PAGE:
- Yes, acceptance is a choice—a hard one most definitely, but a choice nonetheless. There are two ways out of a problem: accept what’s happening, see the positive, and choose a peaceful state of mind; or fight against it, be miserable, and struggle against the universe.
- Acceptance, in my opinion, is the key to converting momentary happiness to enduring happiness. It helps you move from feeling happy to actually being happy. Practicing acceptance prepares you to live in this changing world, where you never know what’s going to happen next. Acceptance is like protecting yourself with your own shield.
The more you know who you are, and what you want, the less you let things upset you.
Let me clarify that acceptance is not at all related to weakness, and is definitely not a synonym of conformity or mediocrity.
“…And acceptance is the answer to all my problems today. When I am disturbed, it is because I find some person, place, thing or situation – some fact of my life – unacceptable to me and I can find no serenity until I accept that person, place, thing or situation as being exactly the way it is supposed to be at this moment. Nothing, absolutely nothing happens in God’s world by mistake. Until I could accept my alcoholism, I could not stay sober, unless I accept life completely on life’s terms, I cannot be happy. I need to concentrate not so much on what needs to be changed in the world as on what needs to be changed in me and my attitudes.”
Daily Acceptance Prayer
I pray that “prayer” every morning. It is actually just a description of how one person sees the world and their role in it.
I believe in what this prayer says…namely that I need to focus on how I react to the world, not so much on the state of the world or what others do in it.
I accept myself completely.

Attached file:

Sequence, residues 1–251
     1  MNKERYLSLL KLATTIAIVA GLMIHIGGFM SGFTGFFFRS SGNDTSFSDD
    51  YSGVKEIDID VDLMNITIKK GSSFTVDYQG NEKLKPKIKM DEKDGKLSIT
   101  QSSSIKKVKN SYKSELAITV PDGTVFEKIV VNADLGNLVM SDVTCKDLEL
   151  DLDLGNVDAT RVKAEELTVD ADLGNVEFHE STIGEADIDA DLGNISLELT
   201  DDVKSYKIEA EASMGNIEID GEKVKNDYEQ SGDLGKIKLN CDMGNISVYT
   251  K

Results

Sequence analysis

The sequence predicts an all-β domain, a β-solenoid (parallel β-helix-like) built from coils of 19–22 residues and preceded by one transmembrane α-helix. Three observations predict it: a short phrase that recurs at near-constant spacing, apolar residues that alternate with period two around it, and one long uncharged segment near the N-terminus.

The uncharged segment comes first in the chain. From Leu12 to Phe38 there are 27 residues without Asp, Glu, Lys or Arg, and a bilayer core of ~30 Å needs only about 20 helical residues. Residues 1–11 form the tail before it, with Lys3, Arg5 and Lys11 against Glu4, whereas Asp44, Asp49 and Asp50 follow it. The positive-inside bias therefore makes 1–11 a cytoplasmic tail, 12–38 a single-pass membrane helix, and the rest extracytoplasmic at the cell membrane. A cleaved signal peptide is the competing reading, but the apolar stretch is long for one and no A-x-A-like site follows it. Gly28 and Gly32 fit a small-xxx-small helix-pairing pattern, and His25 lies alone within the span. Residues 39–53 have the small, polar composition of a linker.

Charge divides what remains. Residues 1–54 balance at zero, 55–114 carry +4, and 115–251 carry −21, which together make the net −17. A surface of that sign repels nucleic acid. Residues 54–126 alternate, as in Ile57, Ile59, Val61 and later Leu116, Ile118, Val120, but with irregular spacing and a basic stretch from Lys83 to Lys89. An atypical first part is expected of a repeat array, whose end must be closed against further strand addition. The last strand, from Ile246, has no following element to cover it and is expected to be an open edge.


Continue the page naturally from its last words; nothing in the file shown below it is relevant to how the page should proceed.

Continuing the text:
I accept my strengths and my weaknesses,
my gifts and my shortcomings,
my good points and my faults.
I accept myself completely as a human being.
I accept that I am here to learn and grow,
and I accept that I am learning and growing.
I accept the personality I’ve developed, and
I accept my power to heal and change.
I accept myself without condition or reservation.
I accept that the core of my being is goodness
and that my essence is love,
and I accept that I sometimes forget that.
I accept myself completely, and in this acceptance
I find an ever-deepening inner strength.
From this place of strength, I accept my life fully and
I open to the lessons it offers me today.
I accept that within my mind are both fear and love,
and I accept my power to choose which I will experience as real.
I recognize that I experience only the results of my own choices.
I accept the times that I choose fear
as part of my learning and healing process, and
I accept that I have the potential and power
in any moment to choose love instead.
I accept mistakes as a part of growth,
so I am always willing to forgive myself and
give myself another chance.
I accept that my life is the expression of my thought,
and I commit myself to aligning my thoughts
more and more each day with the Thought of Love.
I accept that I am an expression of this Love.
Love’s hands and voice and heart on earth.
I accept my own life as a blessing and a gift.
My heart is open to receive, and I am deeply grateful.
May I always share the gifts that I receive
fully, freely, and with joy.